Even though mental health issues are on the forefront of our minds today, the topic still carries a stigma for many. Talking about depression can be hard. Trina, a sophomore in college, recently said to me, “We look around us and everyone else seems happy, and we feel we must be the only ones who struggle with mental health problems.”
So, if you’re at home wondering if your own child or the students you teach struggle with mental health issues, here are some practical steps to talk to them about it:
1. Find a safe time to initiate the conversation.
Don’t wait for your young person to start the conversation. It’s likely they don’t have the language to do so. The point is to create or find a healthy, safe space to talk. You’ll want to keep your “antennas” up and look for such a time or to create it intentionally. Perhaps COVID-19 creates a natural introduction to the topic.
2. Avoid trigger words when you bring up the subject.
Steer away from words like crazy or loony or mental. These can be trigger words that have stigmas attached to them. This may sound like I’m lobbying for political correctness, but truth be told, I’m acknowledging my own shortcomings in the past. Certain words shut a student down. Avoid them. Talk about the battle with anxiety. Also, let them know there’s a difference between feeling anxious and having an anxiety disorder. Begin with the former.
3. Talk about your own struggles with mental or emotional health.
I remember talking to my daughter 13 years ago when she first struggled with depression. I could not say that I’d struggled with it, but I was able to find ways to talk about my own battles with anxiety and fear. It is key that you maintain integrity with your story while identifying with them. Help them see it is a common struggle today and you both are part of that struggle.
4. Separate the person from the problem.
When I hosted a conversation with my own kids about this, I recall searching to find words that didn’t label them or cause them to find their identity in the mental health problem they faced. A wise counselor might say, “You struggle with schizophrenia,” rather than “You’re a schizophrenic.” Don’t define the person by the problem. Their identity should always be above the issues.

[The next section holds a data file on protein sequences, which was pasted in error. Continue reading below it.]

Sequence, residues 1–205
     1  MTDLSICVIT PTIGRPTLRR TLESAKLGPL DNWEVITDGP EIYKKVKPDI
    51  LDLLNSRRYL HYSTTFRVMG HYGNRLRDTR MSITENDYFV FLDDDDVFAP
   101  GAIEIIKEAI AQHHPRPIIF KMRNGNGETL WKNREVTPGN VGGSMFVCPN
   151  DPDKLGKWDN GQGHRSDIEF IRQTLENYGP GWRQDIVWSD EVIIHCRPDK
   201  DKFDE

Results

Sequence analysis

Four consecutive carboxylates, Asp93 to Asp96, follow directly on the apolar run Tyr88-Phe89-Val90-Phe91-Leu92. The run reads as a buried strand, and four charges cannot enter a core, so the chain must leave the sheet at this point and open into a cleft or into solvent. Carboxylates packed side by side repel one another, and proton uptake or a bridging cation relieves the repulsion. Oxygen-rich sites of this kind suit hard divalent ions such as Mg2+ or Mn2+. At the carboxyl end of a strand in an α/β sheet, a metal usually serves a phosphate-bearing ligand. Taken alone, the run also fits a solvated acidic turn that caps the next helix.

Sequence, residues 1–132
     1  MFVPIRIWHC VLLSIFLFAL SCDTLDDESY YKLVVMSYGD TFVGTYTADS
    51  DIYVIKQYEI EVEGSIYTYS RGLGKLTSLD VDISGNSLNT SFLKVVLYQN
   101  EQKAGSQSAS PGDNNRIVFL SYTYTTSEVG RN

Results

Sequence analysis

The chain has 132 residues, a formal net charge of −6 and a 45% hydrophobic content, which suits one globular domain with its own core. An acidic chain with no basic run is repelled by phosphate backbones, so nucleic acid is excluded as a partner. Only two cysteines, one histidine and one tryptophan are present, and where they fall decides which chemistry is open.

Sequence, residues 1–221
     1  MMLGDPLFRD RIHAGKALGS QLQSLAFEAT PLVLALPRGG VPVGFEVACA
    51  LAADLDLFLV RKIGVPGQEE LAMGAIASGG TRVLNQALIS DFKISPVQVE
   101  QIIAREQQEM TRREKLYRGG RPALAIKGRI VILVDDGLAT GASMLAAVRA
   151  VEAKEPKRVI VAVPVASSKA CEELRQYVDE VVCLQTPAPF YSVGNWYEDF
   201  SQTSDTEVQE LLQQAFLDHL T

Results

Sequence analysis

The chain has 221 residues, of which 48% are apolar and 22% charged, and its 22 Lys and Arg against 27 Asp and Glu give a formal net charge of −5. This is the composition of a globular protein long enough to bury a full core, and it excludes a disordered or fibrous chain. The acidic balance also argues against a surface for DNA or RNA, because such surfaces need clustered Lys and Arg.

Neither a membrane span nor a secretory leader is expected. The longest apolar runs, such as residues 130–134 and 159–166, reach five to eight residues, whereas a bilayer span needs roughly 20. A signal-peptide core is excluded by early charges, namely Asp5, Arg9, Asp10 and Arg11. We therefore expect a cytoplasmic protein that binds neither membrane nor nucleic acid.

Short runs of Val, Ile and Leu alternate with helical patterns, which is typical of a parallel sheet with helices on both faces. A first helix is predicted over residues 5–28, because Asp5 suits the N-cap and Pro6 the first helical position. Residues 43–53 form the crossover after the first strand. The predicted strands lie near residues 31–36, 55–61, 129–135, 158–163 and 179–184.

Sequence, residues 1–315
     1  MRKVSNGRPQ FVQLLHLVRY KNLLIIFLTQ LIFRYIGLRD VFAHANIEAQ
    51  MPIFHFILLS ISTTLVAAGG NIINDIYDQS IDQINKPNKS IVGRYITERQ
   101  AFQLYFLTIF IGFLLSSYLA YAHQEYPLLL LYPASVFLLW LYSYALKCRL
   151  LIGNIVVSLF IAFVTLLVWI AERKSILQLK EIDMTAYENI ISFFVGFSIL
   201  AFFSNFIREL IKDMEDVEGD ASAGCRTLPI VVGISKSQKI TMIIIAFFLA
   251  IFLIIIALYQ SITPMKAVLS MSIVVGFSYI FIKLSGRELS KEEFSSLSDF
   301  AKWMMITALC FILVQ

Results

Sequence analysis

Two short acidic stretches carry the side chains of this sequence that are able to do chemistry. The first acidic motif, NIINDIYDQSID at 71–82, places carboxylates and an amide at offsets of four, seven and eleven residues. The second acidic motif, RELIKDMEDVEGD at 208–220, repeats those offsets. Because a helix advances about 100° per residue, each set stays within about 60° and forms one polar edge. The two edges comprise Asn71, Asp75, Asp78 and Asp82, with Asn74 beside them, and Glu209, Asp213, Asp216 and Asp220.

5. Recognize amazing contributions of those who’ve wrestled with problems.
Throughout history, some major contributions have been made by people who struggled with depression, anxiety, panic attacks, and other mental health issues. Search the internet to find some great stories. Autism activist Temple Grandin says, “It if weren’t for a little autism, we wouldn’t have any phones to talk on.” She goes on to say, “Einstein definitely was (autistic); he had no language until age three.” Artists, scientists, and writers throughout history wrestled with such issues but often found those issues enabled them to create and invent.
6. Talk about the positive impact of a good counselor.
Both of my adult children have benefited from a good counselor. In fact, I know their counselors played a role that mom or dad could not play. They brought expertise and objective listening ears to the equation. It’s often best to suggest you’ll help them find a good one and set up just one appointment to begin with. In that first meeting, chemistry and emotional safety are key.
7. Utilize humor when appropriate.
It’s been said for years, “Laughter is the best medicine.” At times, it’s true. Comedian Wax said, “If you surround (your message) with comedy, you have an entree into their psyche. People love novelty, so for me…I’m softening them up. People are liberated by laughing at themselves.”
We are living in strange times. Let’s be mindful of the toll this pandemic may be having on those around us. Most of the time, problems get solved by first bringing them up.